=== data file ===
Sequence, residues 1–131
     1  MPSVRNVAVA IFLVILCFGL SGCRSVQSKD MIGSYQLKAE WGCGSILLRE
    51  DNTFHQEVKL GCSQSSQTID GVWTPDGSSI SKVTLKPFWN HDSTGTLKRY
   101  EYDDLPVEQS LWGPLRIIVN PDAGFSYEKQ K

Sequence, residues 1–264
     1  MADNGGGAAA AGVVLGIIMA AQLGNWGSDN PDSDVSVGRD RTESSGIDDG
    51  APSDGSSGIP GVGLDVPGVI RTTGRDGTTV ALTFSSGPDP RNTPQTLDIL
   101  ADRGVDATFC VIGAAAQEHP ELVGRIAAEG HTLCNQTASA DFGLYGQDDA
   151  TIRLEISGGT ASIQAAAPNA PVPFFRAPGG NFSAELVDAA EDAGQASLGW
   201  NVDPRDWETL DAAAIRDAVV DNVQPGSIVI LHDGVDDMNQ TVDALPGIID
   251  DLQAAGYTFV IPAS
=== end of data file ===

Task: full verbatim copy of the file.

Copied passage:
Sequence, residues 1–131
     1  MPSVRNVAVA IFLVILCFGL SGCRSVQSKD MIGSYQLKAE WGCGSILLRE
    51  DNTFHQEVKL GCSQSSQTID GVWTPDGSSI SKVTLKPFWN HDSTGTLKRY
   101  EYDDLPVEQS LWGPLRIIVN PDAGFSYEKQ K

Sequence, residues 1–264
     1  MADNGGGAAA AGVVLGIIMA AQLGNWGSDN PDSDVSVGRD RTESSGIDDG
    51  APSDGSSGIP GVGLDVPGVI RTTGRDGTTV ALTFSSGPDP RNTPQTLDIL
   101  ADRGVDATFC VIGAAAQEHP ELVGRIAAEG HTLCNQTASA DFGLYGQDDA
   151  TIRLEISGGT ASIQAAAPNA PVPFFRAPGG NFSAELVDAA EDAGQASLGW
   201  NVDPRDWETL DAAAIRDAVV DNVQPGSIVI LHDGVDDMNQ TVDALPGIID
   251  DLQAAGYTFV IPAS